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20130124
20130201
Search Results 0 to 15 of about 16 (some duplicates have been removed)
and regulations with very little impact on the global climate. in this tight budget environment with so many competing american priorities, i would ask you to give considerable thought into limiting significantly resources that would not help us as an economy, not help us as a country and not help us globally in perhaps the efforts you might be pursuing. i don't know if you have specific thoughts. >> i do. i have a lot of specific thoughts on it more than we have time now. and i'm not going to abuse that privilege. but i will say this to you, the solution to climate change is energy policy. and the opportunities of energy policy so vastly outweigh the downsides that you are expressing concern about, and i will spend a lot of time trying to persuade you and other colleagues of this. you want to do business and do it well in america, we got to get into the energy race. other countries are in it. i can tell you, massachusetts, fastest growing sector of our economy is clean energy and energy efficiency companies. and they're growing faster than any other sector. the same is true in california. t
wages or in a way that could get a better working environment, then it's okay. if you're not, saying your bored is going to cause some problems. >> especially if you're bored being on twitter and facebook. it depends on the category. the board upheld the filing of a reporter for the arizona daily star who was bored and posted online saying what? no overnight homicide? you're slacking, tucson. well, that was considered not acceptable for his employer at the newspaper. >> bad taste might be a problem. but what about how are companies handling this? are they being forced to expand their policies? i mean how broad does it need to be? >> the n.l.r.b. is actually urging or pushing companies to rewrite their policies so that they're in line with their new series of recommendations. so they're trying to get the cost-cos of the world and other large companies... >> target and general motors among those. >> ... to do it. wal-mart gets an a-plus because wal-mart already rewrote its policies to be more in line with what the n.l.r.b. is say joog what the chairman of the n.l.r.b. is saying is that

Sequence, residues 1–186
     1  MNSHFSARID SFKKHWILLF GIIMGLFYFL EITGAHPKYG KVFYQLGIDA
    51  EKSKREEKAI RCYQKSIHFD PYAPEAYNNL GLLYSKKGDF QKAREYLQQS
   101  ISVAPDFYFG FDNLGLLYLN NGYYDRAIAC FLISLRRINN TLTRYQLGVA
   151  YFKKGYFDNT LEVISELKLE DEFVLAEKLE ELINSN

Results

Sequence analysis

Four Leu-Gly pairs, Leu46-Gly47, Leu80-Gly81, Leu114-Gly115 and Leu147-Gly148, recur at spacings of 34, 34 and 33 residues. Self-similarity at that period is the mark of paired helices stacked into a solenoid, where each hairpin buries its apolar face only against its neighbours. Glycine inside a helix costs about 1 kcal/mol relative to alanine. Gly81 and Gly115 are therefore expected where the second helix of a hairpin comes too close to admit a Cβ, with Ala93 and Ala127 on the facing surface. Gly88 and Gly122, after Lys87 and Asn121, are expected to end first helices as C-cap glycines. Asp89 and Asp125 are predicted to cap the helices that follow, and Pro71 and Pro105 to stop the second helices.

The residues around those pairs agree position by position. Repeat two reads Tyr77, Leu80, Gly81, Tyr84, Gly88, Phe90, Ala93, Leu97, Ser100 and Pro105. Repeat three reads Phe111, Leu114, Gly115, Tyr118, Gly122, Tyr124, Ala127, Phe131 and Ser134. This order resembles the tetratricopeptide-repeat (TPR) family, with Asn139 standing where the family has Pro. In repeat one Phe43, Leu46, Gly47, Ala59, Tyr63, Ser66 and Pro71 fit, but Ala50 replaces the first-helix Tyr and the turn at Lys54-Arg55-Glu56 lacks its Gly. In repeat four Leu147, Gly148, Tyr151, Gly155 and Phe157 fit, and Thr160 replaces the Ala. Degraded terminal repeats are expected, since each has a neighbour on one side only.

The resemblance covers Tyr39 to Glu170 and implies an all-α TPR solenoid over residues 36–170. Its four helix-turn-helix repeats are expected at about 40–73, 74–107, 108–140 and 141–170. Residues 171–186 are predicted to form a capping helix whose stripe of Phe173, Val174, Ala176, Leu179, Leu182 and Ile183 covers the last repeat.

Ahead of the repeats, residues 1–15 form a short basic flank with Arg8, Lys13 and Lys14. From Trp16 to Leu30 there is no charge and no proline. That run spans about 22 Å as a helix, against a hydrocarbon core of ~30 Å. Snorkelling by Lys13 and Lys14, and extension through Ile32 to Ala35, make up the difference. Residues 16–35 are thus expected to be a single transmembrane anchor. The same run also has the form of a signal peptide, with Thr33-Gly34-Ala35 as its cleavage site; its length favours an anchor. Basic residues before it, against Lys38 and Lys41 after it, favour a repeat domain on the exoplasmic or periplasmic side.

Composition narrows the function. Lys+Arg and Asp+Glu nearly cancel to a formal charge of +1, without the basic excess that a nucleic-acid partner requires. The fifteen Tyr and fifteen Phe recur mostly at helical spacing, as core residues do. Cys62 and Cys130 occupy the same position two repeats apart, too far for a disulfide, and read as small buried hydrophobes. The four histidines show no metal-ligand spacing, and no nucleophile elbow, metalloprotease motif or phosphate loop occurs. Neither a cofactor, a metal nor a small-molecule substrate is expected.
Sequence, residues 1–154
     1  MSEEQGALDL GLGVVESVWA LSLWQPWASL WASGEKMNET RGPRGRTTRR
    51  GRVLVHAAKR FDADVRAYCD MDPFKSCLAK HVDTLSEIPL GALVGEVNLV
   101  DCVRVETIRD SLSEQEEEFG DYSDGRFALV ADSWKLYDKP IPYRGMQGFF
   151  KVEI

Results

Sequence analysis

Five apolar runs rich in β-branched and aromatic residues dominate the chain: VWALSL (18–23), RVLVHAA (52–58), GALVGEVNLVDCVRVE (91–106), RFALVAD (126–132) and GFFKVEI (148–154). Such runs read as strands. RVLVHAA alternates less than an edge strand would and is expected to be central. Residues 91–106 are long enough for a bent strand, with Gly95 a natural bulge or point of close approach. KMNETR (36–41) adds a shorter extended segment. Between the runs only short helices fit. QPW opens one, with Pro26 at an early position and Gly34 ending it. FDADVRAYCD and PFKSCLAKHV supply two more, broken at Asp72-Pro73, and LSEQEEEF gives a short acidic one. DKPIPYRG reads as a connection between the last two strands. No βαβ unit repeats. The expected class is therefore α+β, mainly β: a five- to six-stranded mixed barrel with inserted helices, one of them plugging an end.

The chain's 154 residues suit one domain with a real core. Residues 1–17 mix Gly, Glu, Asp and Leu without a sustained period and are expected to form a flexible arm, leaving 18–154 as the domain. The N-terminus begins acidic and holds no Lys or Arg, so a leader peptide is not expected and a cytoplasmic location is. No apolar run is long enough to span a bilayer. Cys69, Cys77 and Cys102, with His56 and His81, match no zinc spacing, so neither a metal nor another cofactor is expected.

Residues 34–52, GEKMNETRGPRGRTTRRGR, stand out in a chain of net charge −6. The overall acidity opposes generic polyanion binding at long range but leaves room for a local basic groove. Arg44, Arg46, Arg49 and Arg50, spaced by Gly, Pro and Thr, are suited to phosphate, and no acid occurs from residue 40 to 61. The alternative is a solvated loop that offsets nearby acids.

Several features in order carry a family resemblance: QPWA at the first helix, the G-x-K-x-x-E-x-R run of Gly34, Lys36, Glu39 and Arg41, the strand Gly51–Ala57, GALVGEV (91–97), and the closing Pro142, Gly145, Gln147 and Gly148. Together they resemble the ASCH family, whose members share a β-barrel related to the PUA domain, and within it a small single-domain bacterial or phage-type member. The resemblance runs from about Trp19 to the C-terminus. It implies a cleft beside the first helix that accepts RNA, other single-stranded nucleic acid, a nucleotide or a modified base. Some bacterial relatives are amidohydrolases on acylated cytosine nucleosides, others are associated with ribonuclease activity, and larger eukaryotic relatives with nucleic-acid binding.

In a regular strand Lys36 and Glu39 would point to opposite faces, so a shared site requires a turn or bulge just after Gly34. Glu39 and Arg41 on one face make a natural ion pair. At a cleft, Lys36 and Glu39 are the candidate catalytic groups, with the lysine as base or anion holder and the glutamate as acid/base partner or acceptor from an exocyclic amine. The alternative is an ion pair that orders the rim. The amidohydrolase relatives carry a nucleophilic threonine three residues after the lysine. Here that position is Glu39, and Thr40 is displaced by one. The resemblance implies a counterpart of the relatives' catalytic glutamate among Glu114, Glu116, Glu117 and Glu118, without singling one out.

and now i'm in a very good environment and there are a lot of things to be done and that i'd like to do so i have to be very engaged. it's a very, very full of things to do and i'm very happy about that. >> suarez: are you able to keep up with events in china as closely as you were when you were doing your human rights work there? >> (translated): there are many ways to get -- to become informed. in a sense, it's easier to be informed here than when i was in china. i'm not saying that in china things cannot be done. what i'm saying is that things can be done from many different angles to promote what we need to promote. >> suarez: well, since you left the country there have been continued arrests of dissidents, suppression of press freedoms with the southern weekly, attempts to control access to the internet. a lot of things are moving along in china. what does it tell you about the government's attitude toward free speech and free thought? >> (translated): i think this only goes to show that the chinese government and the party still wants to control everything and if they keep holding an
't confirm that they did it. there's a new environment in that region. before i let you go, north korea is threatening another underground nuclear test. how credible is this threat? >> it's very credible. we have seen in the past that they have used this to their political advantage. the chinese have put pressure on them at their u.s. request. that's a good thing. >> to not do it? >> to not do it. however, they are pushing the envelope and i believe that this is this new, young leader who's decided that he needs to show that he's in charge, gain the credibility from the military and if that means further isolation through a nuclear test, i think he'll do it. >> kim jong-un. the next day he's launching a missile or threatening a nuclear test underground. i don't know which direction he's moving. >> i think he believes that he needs to get the supporter to prove that he's a hard liner and a leader and will continue -- the only way to do well in that country is being part of the military infrastructure and so he needs to keep that loyal if he's going to stay in charge. i think what you're
environment the united states is facing? what we have better discussions during these debates that centered more on the economy? >> i think in the end, this one did come down to the economy. the president may be basing his second term on social issues. if you take his inauguration speech as a guidepost to where he wants to go from here. but i did not hear him to talk a lot about the campaign -- during the campaign. the economy began to get better. i did not see him spending a lot of time talking about gay rights during the election. i did not hear him talk very much about gun control. i think it was mentioned once in one of the debates. i think they thought they had to get -- what they concentrated on, in some ways, this was not so much an election about issues as it was about identifying their voters and getting their voters to the polls and recognizing the demographics in this country were changing dramatically. they figured that out and how to get people to the polls and republicans did not do as well. i think the core of the president's message was the economy. >> the last question beca
Search Results 0 to 15 of about 16 (some duplicates have been removed)